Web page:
Tuesday, June 17, 2003
NBA West should be best next year, too
East drought hits six seasons
By Mike Lopresti
Gannett News Service
SAN ANTONIO - The NBA's summer may now begin. You can tell by all the usual rituals. Parade in the West. Sweep up the wreckage in the East.
There may be confusion in other places on the sports page. Tiger Woods finished in a tie for 20th in a major. The Cubs are in first place in June.
But the NBA Finals have come and gone - as most of you watched another channel, the ratings suggest - with their feet firmly planted between the status and the quo.
The re-crowning of the San Antonio Spurs meant it will soon be six years since the East won a title, back in the last days of the Jordanian Dynasty.
Six years since the West has lost more than two games in the NBA Finals.
Six years since the East has truly had a chance.
The survivor in the West, bruised by the first three rounds, does not loiter long in the Finals. It might blink, but soon, it is answering whatever the East throws up - any style, any strategy. It is making the plays the other conference only dreams about.
"If they have to get through the West," David Robinson was saying, "they have to be able to execute."
"We felt we could compete no matter who came out of the West," New Jersey's Jason Kidd said Sunday. "Unfortunately, we couldn't make shots, and they could."
Happens a lot. Which is why the champions of the East are 6-20 in the Finals since Michael Jordan left Chicago. As the Spurs began to take inevitable control, the question was posed, what leads most to this annual whacking - the Western champions being toughened by the brutal path they have to take, or the Eastern victims just being easier to beat.
Trio reload in West
Stung by early eviction, the Los Angeles Lakers are said to be newly motivated. Shaquille O'Neal has hired an ex-Marine to whip him into shape.
The Dallas Mavericks need only a tad more defense, Sacramento better health. Yao will be another year older in Houston. There may be no end in sight. The Western contenders for the NBA championship are lined up like jets on a runway, awaiting takeoff.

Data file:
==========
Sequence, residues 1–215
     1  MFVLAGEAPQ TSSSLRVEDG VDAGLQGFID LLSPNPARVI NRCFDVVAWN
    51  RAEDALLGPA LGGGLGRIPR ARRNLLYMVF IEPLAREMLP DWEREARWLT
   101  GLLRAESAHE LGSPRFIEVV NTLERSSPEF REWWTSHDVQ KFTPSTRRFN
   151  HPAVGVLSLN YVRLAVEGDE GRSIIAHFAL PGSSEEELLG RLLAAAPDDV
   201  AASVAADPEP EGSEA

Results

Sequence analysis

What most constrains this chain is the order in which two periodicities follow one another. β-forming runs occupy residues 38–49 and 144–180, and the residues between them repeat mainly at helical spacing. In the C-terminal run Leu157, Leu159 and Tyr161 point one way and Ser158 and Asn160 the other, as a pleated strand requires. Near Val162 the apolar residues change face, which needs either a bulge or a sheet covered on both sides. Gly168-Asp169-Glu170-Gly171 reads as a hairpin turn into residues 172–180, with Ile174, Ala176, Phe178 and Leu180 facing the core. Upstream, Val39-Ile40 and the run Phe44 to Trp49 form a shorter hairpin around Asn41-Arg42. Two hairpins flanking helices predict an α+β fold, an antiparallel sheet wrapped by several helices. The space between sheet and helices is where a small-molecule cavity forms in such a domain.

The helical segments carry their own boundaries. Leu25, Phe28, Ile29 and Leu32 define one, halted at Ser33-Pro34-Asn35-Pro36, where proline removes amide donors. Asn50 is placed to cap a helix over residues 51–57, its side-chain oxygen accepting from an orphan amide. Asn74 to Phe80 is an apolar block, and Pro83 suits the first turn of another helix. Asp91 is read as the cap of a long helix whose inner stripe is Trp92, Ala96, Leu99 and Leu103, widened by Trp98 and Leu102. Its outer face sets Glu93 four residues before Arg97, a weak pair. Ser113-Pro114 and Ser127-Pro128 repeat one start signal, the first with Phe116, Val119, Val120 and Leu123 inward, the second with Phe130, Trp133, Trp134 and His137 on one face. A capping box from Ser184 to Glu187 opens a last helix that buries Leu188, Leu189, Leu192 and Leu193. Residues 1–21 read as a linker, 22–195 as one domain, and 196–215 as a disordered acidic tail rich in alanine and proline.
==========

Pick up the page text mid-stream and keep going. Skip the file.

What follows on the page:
Oh, and the Spurs still have Duncan. But not Robinson, leaving a hole in the San Antonio skyline, not to mention the defense. You don't have to slow down much in the West to get run over. No wonder coach Gregg Popovich nearly had to be yanked off the press conference podium with a hook late Sunday night.
"More questions," he pleaded. "How many times is this going to happen? Do I look like Phil Jackson?"
Nets bridesmaids again
The East has no clear challenger ready to change the world.
New Jersey might lose Jason Kidd to free agency. Indiana's a head case. Detroit is lacking something, and Larry Brown has been hired to find it. LeBron James will be drafted by Cleveland next week, but are things so bad, the East must count on a high school kid for revival?
The championship round has wilted on this unbalanced diet. The Nets should have been a classic opponent, after winning 10 straight playoff games in the East. But they were considered something of a successful surprise because they were at least able to make it go six games. It is a low bar.
Waiting for a winner in the NBA Finals has become like waiting for high tide. You can just about pick the minute.
"Hopefully," said Kidd, who might be headed West himself, "the bridesmaid thing will come to an end."
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NBA West should be best next year, too
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